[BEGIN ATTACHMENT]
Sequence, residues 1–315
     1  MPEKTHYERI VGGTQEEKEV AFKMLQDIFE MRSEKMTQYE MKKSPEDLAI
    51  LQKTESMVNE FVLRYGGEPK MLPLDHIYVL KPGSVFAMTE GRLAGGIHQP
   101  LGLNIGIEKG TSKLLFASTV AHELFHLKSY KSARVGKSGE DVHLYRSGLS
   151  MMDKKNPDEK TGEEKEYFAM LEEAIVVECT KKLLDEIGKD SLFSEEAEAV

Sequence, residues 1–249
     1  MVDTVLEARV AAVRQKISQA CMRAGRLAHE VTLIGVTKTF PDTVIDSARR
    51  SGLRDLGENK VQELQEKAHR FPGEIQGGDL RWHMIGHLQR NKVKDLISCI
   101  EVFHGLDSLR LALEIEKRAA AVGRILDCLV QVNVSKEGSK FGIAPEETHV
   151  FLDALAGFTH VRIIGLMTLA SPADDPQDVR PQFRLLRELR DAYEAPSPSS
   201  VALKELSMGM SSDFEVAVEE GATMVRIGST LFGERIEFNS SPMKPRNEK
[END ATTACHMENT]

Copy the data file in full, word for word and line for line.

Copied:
Sequence, residues 1–315
     1  MPEKTHYERI VGGTQEEKEV AFKMLQDIFE MRSEKMTQYE MKKSPEDLAI
    51  LQKTESMVNE FVLRYGGEPK MLPLDHIYVL KPGSVFAMTE GRLAGGIHQP
   101  LGLNIGIEKG TSKLLFASTV AHELFHLKSY KSARVGKSGE DVHLYRSGLS
   151  MMDKKNPDEK TGEEKEYFAM LEEAIVVECT KKLLDEIGKD SLFSEEAEAV

Sequence, residues 1–249
     1  MVDTVLEARV AAVRQKISQA CMRAGRLAHE VTLIGVTKTF PDTVIDSARR
    51  SGLRDLGENK VQELQEKAHR FPGEIQGGDL RWHMIGHLQR NKVKDLISCI
   101  EVFHGLDSLR LALEIEKRAA AVGRILDCLV QVNVSKEGSK FGIAPEETHV
   151  FLDALAGFTH VRIIGLMTLA SPADDPQDVR PQFRLLRELR DAYEAPSPSS
   201  VALKELSMGM SSDFEVAVEE GATMVRIGST LFGERIEFNS SPMKPRNEK